Are you claiming all of your personal tax allowances?

A key reason why many sole traders, landlords and others end up paying too much tax is they fail to claim all of the personal tax allowances they’re entitled to. Often it’s because they don’t know…

5 Minute Read

Last Updated: 3rd April 2024

A key reason why many sole traders, landlords and others end up paying too much tax is they fail to claim all of the personal tax allowances they’re entitled to. Often it’s because they don’t know about them all – and no one tells them.

To help ensure that you claim all of your personal tax allowances, here are some key facts you should know, with a run down of the six most common personal tax allowances.

What is a personal tax allowance?

Personal tax allowances are sums that you are allowed to earn or receive in income without having to pay any tax. There are a few different types of personal tax allowance that are available to UK taxpayers.  

Who can claim personal tax allowances?

Some personal tax allowances are available to all UK taxpayers, while others aren’t. Depends what the income is, how much it is and the taxpayer’s personal circumstances. Potentially, all of the main personal tax allowances are available to UK sole traders and landlords.  

How can I find out about personal tax allowances?

You can find out for yourself or an adviser such as an accountant can tell you. HMRC will not tell you that you are entitled to claim a personal tax allowance, which is why it’s important to find out for yourself. The more the tax allowances and reliefs you claim, the lower your tax bill. So, what personal tax allowances might you be able to claim?

Personal tax allowance 1: Personal Allowance

The Personal Allowance is the amount of income that you can earn or receive before Income Tax is payable to HMRC. This applies whether you’re employed or self-employed. The standard annual Personal Allowance is £12,570 (2024/25 tax year). The Personal Allowance lessens by £1 for every £2 of income you receive over £100,000 and if your taxable income is £125,140 or more, you don’t get the Personal Allowance.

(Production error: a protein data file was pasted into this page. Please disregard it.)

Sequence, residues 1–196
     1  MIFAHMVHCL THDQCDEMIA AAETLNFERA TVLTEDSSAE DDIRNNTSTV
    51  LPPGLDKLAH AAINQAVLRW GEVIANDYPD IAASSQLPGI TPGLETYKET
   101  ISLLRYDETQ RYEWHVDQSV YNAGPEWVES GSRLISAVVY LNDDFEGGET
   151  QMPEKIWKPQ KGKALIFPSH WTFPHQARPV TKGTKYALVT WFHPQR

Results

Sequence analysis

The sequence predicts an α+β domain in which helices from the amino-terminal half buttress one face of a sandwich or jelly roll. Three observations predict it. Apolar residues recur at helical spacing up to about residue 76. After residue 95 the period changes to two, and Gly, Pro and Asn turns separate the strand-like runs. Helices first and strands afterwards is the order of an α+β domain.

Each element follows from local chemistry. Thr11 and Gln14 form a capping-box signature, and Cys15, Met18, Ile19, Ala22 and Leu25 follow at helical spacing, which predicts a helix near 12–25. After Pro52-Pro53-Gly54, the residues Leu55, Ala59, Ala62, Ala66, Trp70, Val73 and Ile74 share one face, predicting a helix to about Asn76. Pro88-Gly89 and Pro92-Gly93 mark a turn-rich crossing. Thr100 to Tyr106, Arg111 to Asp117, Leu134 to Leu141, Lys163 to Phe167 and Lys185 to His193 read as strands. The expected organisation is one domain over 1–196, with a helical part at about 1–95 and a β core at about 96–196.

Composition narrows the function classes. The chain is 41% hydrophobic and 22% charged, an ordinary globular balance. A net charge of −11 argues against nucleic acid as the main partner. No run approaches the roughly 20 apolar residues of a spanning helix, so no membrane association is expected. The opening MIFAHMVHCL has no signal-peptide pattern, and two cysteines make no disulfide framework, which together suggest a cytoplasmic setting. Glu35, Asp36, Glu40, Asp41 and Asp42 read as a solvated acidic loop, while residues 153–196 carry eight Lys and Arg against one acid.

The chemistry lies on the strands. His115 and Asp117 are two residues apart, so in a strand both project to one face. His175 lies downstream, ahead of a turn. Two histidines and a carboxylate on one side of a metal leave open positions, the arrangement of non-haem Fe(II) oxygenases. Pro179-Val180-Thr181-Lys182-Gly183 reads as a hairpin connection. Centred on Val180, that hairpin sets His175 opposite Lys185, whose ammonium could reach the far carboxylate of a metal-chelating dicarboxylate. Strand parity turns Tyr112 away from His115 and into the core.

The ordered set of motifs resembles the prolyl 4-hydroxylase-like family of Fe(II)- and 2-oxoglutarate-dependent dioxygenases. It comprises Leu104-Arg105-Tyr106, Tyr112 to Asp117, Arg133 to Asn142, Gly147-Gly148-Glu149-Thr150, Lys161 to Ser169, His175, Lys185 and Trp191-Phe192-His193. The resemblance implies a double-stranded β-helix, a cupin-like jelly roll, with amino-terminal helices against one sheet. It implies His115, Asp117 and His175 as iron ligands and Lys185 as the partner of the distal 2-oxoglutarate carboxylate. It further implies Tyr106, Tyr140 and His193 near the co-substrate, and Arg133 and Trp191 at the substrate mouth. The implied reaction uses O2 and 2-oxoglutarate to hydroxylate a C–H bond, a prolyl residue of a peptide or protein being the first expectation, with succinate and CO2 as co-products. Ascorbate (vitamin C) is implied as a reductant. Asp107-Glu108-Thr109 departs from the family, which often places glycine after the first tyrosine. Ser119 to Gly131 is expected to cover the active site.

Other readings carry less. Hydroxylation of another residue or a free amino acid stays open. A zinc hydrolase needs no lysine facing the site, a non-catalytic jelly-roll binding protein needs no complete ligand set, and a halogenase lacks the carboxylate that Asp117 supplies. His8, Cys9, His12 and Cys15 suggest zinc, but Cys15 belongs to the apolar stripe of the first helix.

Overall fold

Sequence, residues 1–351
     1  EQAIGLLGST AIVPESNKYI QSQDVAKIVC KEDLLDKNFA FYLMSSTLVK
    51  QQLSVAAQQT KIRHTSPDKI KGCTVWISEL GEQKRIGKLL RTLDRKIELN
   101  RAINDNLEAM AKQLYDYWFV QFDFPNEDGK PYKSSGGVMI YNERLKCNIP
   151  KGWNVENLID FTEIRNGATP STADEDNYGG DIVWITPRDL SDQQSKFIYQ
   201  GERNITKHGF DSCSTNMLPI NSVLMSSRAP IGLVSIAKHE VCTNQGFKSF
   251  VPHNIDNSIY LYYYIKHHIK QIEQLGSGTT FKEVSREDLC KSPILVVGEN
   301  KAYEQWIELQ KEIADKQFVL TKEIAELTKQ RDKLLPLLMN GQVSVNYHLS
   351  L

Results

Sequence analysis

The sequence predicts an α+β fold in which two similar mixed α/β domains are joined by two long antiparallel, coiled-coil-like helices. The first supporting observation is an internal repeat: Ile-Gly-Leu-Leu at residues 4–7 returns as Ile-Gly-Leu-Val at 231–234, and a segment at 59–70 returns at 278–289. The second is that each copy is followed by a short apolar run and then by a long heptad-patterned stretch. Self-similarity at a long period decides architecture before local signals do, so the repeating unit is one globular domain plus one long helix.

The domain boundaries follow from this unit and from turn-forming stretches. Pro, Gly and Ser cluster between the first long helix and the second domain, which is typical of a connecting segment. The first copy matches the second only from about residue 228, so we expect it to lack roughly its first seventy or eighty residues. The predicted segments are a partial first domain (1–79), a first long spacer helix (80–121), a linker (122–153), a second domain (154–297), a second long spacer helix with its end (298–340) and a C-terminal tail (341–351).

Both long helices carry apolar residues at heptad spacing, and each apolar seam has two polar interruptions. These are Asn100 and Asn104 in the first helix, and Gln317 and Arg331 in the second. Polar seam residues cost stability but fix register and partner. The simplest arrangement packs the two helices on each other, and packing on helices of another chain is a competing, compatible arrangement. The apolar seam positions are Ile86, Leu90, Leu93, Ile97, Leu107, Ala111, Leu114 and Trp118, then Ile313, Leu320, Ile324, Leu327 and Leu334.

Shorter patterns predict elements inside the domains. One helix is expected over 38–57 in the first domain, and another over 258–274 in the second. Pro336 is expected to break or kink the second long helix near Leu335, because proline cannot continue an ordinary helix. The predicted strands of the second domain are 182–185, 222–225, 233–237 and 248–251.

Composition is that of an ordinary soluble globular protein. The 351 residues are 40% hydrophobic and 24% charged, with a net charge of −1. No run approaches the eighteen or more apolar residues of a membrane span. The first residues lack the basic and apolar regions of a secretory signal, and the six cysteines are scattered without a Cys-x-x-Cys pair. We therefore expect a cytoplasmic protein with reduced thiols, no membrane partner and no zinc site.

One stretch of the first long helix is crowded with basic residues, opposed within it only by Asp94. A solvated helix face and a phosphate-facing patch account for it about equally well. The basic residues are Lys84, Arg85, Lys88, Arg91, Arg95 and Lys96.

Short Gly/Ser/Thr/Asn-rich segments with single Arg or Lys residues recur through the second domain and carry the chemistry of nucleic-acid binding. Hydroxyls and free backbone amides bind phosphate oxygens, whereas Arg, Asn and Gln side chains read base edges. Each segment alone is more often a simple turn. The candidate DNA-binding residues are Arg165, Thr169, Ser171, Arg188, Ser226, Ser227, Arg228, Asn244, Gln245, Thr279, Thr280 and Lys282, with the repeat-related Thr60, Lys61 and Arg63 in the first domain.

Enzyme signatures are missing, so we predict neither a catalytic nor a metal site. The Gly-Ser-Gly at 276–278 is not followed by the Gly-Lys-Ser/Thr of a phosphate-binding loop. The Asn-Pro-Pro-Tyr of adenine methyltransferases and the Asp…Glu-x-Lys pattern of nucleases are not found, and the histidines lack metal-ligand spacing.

Personal tax allowance 2: Trading Allowance

The Trading Allowance is a tax exemption worth up to £1,000 a year if you earn income from self-employment, including occasional casual work (eg decorating, gardening, making cakes, fixing cars, teaching piano, etc). The Trading Allowance isn’t available to those who earn trading income from a company that they or someone they’re related to owns or controls. The income can’t come from your employer or the employer of your spouse or civil partner. Ordinary partnership members cannot claim the Trading Allowance either.

You can’t claim allowable expenses for things you buy for your sole trader business if you claim the Trading Allowance. So, if your business expenses are more than £1,000 in a tax year, you’d be better off claiming for them via your Self Assessment tax return, and not claiming the Trading Allowance.

Personal tax allowance 3: Property Allowance